The NFU has expressed its deep disappointment after a farm and abattoir looking to meet strict animal welfare and food hygiene regulations lost its planning appeal.
Summers Poultry Products at Cank Farm, Tanworth-in-Arden, sought to overturn a Stratford-on-Avon District Council decision against development at the site, but on 9 February 2011 an inspector dismissed the appeal.
The poultry business had appealed to the secretary of state for communities and local government after the local authority refused planning permission for a slaughterhouse extension and other alterations in the Green Belt.
Farmer and NFU member John Summers said the chiller unit and holding pen area were built to meet strict DEFRA and Food Standards Agency regulations. He said the buildings were essential otherwise they would be forced to shut down the abattoir and 96 people would face losing their jobs.
NFU environmental adviser Sarah Faulkner, who gave evidence at the planning inquiry last November, said there was deep disappointment following the inspector’s decision to dismiss the appeal.
“Government makes supportive statements about the planning system supporting business, but unfortunately this does not always translate at a local level,” she said.
“The NFU understands the importance of the Green Belt, however, the business is established and sought to make minor changes to an existing building to meet regulatory requirements for animal welfare.”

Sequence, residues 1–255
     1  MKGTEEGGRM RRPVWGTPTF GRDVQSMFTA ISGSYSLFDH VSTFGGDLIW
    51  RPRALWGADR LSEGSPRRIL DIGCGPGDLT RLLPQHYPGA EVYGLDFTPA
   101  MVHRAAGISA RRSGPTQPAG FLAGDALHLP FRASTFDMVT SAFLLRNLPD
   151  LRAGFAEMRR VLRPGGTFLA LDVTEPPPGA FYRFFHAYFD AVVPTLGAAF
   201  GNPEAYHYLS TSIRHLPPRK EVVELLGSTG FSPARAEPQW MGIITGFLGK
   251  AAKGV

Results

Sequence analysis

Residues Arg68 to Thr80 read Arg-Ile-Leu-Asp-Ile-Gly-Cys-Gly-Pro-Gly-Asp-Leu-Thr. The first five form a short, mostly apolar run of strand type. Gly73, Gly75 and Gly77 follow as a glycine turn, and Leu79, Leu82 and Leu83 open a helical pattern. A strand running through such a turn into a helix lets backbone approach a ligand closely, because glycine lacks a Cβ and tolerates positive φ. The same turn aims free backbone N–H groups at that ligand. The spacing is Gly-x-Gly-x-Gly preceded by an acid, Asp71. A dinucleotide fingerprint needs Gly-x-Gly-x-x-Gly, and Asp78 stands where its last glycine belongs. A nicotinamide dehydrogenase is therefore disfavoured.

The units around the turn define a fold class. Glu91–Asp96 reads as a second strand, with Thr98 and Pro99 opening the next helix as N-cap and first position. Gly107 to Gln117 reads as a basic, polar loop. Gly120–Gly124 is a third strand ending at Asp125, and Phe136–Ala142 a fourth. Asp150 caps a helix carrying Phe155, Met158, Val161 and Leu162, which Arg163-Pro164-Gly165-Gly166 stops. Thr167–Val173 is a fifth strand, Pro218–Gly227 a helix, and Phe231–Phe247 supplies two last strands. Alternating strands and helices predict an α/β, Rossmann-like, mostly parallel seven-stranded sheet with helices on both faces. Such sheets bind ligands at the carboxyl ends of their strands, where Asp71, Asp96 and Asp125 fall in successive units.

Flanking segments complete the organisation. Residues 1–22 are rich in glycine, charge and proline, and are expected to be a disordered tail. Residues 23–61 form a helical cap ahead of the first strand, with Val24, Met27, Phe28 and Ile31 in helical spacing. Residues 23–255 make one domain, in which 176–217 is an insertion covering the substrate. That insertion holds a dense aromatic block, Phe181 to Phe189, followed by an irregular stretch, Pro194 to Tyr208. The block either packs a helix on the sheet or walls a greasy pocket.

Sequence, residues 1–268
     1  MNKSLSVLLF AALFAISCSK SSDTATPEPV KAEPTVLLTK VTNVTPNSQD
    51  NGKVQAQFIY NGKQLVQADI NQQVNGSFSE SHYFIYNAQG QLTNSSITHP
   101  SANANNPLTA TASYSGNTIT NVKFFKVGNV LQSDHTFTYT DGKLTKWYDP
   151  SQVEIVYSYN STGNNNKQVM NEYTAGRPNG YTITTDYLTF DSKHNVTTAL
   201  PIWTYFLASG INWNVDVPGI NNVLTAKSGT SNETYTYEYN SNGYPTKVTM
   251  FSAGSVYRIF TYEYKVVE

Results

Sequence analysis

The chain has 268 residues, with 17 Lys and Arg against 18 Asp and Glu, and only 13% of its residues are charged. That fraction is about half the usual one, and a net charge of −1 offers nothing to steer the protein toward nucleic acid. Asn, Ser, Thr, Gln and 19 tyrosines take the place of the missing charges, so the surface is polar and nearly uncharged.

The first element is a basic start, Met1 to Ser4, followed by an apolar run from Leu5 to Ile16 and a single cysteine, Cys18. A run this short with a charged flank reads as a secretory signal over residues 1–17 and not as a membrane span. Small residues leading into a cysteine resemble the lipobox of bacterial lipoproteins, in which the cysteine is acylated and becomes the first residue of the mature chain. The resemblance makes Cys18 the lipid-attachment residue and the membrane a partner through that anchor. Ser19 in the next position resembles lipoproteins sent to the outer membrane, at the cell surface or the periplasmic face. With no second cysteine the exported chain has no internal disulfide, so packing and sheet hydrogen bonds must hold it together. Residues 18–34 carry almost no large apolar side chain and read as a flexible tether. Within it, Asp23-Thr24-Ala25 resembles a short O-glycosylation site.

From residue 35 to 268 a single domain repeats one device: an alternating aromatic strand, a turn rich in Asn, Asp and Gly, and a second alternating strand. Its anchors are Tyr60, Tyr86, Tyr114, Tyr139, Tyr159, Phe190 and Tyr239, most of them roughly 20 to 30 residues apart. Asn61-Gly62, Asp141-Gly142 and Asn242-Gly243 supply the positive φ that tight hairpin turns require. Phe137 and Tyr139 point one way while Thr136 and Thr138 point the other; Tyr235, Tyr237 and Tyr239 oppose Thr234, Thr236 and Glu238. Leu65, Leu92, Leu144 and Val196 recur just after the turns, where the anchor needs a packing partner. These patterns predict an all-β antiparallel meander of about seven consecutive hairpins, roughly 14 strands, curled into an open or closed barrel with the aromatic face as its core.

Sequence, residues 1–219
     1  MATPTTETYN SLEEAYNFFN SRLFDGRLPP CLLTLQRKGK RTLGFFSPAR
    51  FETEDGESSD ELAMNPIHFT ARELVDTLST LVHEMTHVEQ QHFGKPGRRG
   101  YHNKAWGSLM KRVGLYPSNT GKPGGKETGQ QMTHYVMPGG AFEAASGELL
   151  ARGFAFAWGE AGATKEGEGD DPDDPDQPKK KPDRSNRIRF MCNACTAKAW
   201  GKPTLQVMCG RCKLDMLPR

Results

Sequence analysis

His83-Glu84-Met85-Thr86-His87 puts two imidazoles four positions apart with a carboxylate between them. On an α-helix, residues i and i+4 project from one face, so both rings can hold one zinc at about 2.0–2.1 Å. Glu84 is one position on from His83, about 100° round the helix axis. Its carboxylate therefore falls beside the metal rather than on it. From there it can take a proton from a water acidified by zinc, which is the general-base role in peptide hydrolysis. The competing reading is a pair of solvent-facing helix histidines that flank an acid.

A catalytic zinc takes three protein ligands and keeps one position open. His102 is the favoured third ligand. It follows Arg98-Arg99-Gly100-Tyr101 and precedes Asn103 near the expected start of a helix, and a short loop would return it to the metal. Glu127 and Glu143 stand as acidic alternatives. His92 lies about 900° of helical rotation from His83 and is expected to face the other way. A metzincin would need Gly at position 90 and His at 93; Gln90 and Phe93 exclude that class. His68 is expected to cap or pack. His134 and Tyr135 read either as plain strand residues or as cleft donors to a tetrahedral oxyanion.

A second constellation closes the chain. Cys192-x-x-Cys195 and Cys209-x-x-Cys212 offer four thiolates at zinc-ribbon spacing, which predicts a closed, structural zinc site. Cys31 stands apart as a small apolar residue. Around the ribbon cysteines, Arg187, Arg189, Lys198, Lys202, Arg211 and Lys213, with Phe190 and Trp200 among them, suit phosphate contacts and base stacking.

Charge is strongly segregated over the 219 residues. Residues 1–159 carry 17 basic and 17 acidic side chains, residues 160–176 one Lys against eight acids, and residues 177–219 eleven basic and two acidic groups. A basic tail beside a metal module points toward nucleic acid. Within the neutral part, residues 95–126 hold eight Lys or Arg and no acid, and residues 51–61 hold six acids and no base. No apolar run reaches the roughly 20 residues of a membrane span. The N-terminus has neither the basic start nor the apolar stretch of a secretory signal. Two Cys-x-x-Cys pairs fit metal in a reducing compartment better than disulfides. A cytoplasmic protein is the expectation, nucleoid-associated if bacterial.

The NFU understands that the company, which processes about 100,000 chickens a week, spends £6.5m in the rural economy, using contractors and suppliers. The family has been farming at Tanworth-in-Arden for generations and the abattoir has been operating since 1967.
In his report, the inspector said he accepted the proposed extensions would enable the slaughterhouse to meet current regulations for the foreseeable future, preserve jobs, maintain existing trade with local businesses and prevent disruption and expense to local and more distant poultry suppliers.
But he seemed to doubt Summers Poultry Products claim that 96 jobs were at stake. The inspector said he had heard that the existing slaughterhouse provided employment for some “20 village residents and 12 people from the surrounding area”. If the business closed, “the impact upon local employment would therefore be relatively limited,” he said.
In conclusion, the inspector said he felt the development was industrial and the reasons to allow it did not “tip the balance in favour of the proposal” or “clearly outweigh the substantial harm by reason of inappropriateness”.
A few weeks ago, Stratford District Council’s audit and regulatory committee agreed to take direct action and demolish the two buildings should the scheme be dismissed at appeal.
• The NFU points out that, in the forward to the White Paper Local Growth: realising every place’s potential, deputy prime minister Nick Clegg makes clear the first priority of the government “is to return the nation’s economy to health”. This includes creating “the conditions that will help business and get the economy growing”. Planning is considered as one of the mechanisms that will help deliver this economic health.